Movers' Edge, June/July, 2001


CAM’s Board of Directors met on conference calls on May 29 and July 4. A few of the items discussed were:

  • Membership numbers for CAM in 2001 are essentially unchanged from 2000, and a membership campaign will be undertaken shortly.
  • CAM’s National Office will work to make members and non-members aware of the benefits of the Canadian Professional Mover’s Course.
  • The annual conference will take place on November 19 and 20. The keynote will be Jim Larsen’s day-long seminar on profitability for movers.
  • The annual golf tournament will be held on September 18 at Cardinal Golf Club north of Toronto.


The board decided that CAM should institute awards for the leaders in our industry. Two awards have been established:

  • Founders Award – recognizing pioneering members of the moving industry.
  • Distinguished Service Award – recognizing prominent members of the industry.


Board members present on the conference call on July 4 were polled about current business conditions. In summary, they believe that:

  • The level of business in most areas is good, with numbers of local and international moves remaining strong.
  • There seem to be fewer corporate moves, and moves to and from the US are down.
  • The government and a major third-party relocator have recognized the need for increased tariffs.


The Compensation Committee, chaired by Board Member Graham Acreman, is now setting the parameters that will be used in preparing a report on compensation and benefits information for the moving industry. The information gathered will allow members to benchmark their labour and transportation costs against those of others in our industry and in other industries. The report will take into account the sales and location of the company, its number of employees, job descriptions for all levels of moving employees, the union environment and the content of employees’ compensation packages.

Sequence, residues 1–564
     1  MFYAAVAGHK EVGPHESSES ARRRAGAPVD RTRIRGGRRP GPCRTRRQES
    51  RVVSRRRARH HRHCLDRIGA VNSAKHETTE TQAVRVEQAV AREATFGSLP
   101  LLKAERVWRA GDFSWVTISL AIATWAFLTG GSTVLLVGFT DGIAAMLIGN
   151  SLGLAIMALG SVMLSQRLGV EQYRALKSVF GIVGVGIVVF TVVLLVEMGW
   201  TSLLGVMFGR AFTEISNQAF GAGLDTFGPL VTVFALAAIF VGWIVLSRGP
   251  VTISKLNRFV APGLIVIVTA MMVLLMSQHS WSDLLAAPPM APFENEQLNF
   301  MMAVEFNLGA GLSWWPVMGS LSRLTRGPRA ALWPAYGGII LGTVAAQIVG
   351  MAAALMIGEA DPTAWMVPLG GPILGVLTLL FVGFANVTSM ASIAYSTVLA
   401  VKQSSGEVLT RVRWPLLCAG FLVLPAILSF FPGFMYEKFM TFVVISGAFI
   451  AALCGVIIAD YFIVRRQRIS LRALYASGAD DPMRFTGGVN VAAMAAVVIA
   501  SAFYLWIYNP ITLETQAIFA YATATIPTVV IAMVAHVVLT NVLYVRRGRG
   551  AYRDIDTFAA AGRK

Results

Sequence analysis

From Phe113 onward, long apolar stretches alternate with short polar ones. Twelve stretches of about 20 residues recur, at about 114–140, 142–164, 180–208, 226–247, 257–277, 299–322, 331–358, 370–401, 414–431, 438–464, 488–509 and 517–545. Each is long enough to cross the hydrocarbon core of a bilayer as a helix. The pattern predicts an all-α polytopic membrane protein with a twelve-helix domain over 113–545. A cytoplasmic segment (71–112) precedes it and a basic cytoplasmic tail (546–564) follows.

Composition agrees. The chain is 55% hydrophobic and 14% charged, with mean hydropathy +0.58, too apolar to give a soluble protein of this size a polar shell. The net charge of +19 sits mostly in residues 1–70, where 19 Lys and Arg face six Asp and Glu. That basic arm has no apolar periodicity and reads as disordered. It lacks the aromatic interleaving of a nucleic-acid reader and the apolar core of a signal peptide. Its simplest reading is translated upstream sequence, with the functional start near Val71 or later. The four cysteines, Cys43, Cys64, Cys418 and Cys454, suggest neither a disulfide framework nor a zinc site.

Methodology for acquiring the data and ensuring confidentiality will be discussed at the next committee meeting on July 6.


All exhibitors at the AMSA conference have been invited to exhibit at our annual conference in November.


A year ago, we reported on hours-of-service rules and the ongoing work of Transport Canada and the Canadian Council of Motor Transport Administrators (CCMTA). On April 25, 2001, Transport Minister David Collenette referred the rules to the House of Commons Standing Committee on Transport and Government Operations. Brian Orrbine, Senior Policy Advisor, Road Safety Programs, Transport Canada, provided the Committee with background on the topic. We’ll report on the next steps as they are announced.

The Canadian Human Rights Commission is revisiting its current policy on drug testing. Recent court decisions have put into question whether drug testing, including random and pre-employment testing, can ever be justified. A change in Canadian policy could put us in conflict with the US, whose rules require that all drivers operating in the country, whether US citizens or not, be members of substance-testing programs. Full information can be seen on the CHRC’s Website, at